Measures of Student Retention: Using a Virtual Line

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The Problem

Although high school dropout rates have decreased over the last decade, the chances of a dropout earning a living wage are decreasing even more rapidly.  Additionally, this social epidemic has shown to perpetuate poverty, not just for the individual, but for families and communities as a whole.  There is a heavy burden on the school systems to try and rectify these unfortunate statistics, and by and large, the educational sector is stepping up to the plate.

A proposed plan by the Los Angeles Unified School District stresses the importance of a direct engagement on the part of parents, teachers, and faculty, to steer drop-outs and potential drop-outs back into the classroom.  This plan, like many others, emphasizes the role of communication in this engagement, but the actual modes of communication are never addressed.

The problem is, while schools may find online resources easier to come by, that isn’t necessarily the case for the students.  High school dropout rates have been directly correlated to socioeconomic status, with students from low-income households facing the highest risk.

Gallup polls show that on a national level, most Americans have lost faith in this country’s education system.  This festering public image of systemic apathy in the education system leads to a decreased faith in the parts of the system that do work, and reinforces attitudes and behaviors detrimental to a child’s development.  It is important for schools to recognize this detachment in their own policies and weed it out as much as possible.

The Solution

The National Dropout Prevention Center has compiled a list of the 15 most effective strategies in curbing high school dropout rates.  They are as follows:

  • The Basic Core Strategies
    • Mentoring/Tutoring
    • Service Learning
    • Alternative Schooling
    • After School Opportunitie
  • Early Interventions
    • Early Childhood Education
    • Family Engagement
    • Early Literacy Development
  • Making the Most of Instruction
    • Professional Development
    • Active Learning
    • Educational Technology
    • Individualized Instruction
  • Making the Most of the Wider Community
    • Systemic Renewal
    • School-Community Collaboration
    • Career and Technical Education
    • Safe Schools

There is one pervasive theme in all of these theoretical solutions: strengthening the connection between schools and their students.

By maintaining contact with students and families, schools can build a stronger personal relationship with their communities.   Staff and social workers can’t expect to reach out to low-income families through technology that falls outside their means.  They need to remain accessible by phone.  A simple phone call dismantles the persistent perception that schools don’t care, and assures parents that their children are more than just a statistic.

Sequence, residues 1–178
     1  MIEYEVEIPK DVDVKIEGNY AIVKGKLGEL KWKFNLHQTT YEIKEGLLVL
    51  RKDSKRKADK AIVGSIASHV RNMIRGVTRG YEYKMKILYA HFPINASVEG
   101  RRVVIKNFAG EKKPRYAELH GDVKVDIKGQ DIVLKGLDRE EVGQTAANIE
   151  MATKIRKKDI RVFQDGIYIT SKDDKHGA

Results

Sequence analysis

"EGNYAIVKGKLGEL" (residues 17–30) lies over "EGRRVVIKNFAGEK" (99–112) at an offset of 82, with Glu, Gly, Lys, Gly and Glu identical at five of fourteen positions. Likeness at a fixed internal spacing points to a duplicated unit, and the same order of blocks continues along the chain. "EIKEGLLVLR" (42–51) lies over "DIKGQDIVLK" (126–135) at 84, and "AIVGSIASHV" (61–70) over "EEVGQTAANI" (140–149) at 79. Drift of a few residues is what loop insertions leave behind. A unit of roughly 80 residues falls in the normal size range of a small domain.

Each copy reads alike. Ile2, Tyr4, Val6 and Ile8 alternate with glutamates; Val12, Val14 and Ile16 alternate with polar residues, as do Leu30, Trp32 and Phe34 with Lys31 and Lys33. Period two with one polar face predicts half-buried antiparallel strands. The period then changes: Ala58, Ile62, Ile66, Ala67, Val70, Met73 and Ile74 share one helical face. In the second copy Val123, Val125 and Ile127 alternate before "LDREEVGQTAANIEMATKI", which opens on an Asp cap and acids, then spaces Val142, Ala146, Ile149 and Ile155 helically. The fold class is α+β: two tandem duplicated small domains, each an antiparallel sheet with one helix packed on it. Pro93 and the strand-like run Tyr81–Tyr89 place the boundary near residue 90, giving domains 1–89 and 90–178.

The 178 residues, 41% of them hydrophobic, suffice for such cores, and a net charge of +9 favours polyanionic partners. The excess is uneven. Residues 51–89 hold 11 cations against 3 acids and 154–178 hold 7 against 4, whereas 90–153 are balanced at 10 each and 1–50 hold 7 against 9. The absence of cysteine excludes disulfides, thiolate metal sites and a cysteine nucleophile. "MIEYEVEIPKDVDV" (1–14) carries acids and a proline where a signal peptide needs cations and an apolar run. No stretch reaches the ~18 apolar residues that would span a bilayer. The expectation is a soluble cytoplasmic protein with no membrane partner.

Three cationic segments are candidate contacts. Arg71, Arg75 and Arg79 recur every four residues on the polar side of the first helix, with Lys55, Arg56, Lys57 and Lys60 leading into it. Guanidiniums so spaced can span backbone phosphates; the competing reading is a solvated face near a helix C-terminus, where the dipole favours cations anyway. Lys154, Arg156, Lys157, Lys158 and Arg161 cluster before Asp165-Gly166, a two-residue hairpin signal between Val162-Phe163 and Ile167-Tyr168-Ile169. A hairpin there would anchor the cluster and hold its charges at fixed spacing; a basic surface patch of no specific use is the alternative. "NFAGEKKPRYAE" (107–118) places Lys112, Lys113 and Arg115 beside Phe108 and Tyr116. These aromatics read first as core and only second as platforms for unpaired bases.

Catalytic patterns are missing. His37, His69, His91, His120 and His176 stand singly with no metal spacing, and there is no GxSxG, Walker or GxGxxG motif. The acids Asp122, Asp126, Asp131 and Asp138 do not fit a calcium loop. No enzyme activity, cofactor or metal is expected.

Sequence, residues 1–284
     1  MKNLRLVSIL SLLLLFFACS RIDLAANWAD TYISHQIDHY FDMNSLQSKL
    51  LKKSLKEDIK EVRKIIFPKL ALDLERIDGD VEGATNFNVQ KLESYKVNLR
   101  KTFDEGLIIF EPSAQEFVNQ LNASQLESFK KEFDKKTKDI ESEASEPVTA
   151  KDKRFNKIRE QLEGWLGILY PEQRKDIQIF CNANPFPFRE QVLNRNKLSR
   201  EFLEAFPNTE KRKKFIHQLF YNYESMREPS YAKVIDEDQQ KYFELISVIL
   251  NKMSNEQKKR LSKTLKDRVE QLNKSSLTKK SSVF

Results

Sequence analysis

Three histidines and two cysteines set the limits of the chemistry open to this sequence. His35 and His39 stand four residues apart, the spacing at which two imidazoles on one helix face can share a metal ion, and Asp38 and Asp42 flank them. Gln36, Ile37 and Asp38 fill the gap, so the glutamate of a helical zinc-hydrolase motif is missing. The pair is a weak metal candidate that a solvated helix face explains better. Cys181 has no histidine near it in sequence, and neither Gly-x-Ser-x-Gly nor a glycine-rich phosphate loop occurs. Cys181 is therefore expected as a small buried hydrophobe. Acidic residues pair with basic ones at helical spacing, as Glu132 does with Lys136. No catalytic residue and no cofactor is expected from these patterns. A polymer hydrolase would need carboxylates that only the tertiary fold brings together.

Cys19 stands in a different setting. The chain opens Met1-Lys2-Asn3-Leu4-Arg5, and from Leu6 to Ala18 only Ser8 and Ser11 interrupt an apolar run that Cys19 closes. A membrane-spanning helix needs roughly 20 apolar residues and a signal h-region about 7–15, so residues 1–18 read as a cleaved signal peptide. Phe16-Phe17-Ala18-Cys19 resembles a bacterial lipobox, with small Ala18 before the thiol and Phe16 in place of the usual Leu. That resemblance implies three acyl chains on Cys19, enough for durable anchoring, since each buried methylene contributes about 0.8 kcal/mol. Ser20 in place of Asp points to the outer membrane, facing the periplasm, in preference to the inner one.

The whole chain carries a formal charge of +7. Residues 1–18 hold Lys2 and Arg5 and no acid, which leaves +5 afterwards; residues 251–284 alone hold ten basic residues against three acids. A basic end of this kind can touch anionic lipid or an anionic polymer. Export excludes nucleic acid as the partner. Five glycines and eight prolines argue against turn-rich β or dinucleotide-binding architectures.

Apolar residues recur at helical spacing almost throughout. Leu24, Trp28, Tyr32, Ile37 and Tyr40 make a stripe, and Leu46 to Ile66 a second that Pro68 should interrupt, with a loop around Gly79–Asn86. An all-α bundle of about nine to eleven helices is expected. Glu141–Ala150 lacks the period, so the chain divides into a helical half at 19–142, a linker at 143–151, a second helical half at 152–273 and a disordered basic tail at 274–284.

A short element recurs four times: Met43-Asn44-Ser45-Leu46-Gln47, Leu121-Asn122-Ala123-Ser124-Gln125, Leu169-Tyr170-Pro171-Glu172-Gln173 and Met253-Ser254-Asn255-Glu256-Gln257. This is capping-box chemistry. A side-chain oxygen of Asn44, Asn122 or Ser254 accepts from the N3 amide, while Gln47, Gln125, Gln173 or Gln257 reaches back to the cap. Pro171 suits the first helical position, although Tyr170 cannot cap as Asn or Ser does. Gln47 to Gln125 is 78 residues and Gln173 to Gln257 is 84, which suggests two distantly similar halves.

But, that being said, schools cannot afford to lose sight of their business end.  Educational institutions aren’t helping their students when they run themselves into the ground with unmanageable finances.  Basing your school’s communication around phone lines will become increasingly tedious and costly as the focus of most business moves into the digital sphere.  While it seems like a noble endeavor to maintain extra phone lines for the sole purpose of reaching out to at-risk demographics, it will prove highly inefficient for continued development.  Schools need to find a way to look after their students without overloading themselves with auxiliary bills.

The Compromise

Fortunately, there is a middle ground.  There is a way for schools to establish phone communication systems, without impeding their transition to digital technology.  New providers in the telephony industry rely on Voice-over Internet Protocol (VoIP) to send and receive signals.  Rather than routing calls through a mess of land-lines, VoIP-based telephony can transmit voice messages across the webspace in digital format.  All calls are routed through virtual numbers, which can be accessed from any phone free of charge.  It’s just like calling toll free, only schools can manage the whole system through their internet providers.

Everywhere, schools are switching over to this new system.  It saves time and money without alienating the most important clients, the students.  The world’s economy is moving online, whether we want it to or not, and it has become the moral obligation of schools everywhere to serve as a bridge for their students into this new realm of enterprise.  For this reason, educational facilities must learn to operate within the digital sphere, while preserving analog accessibility.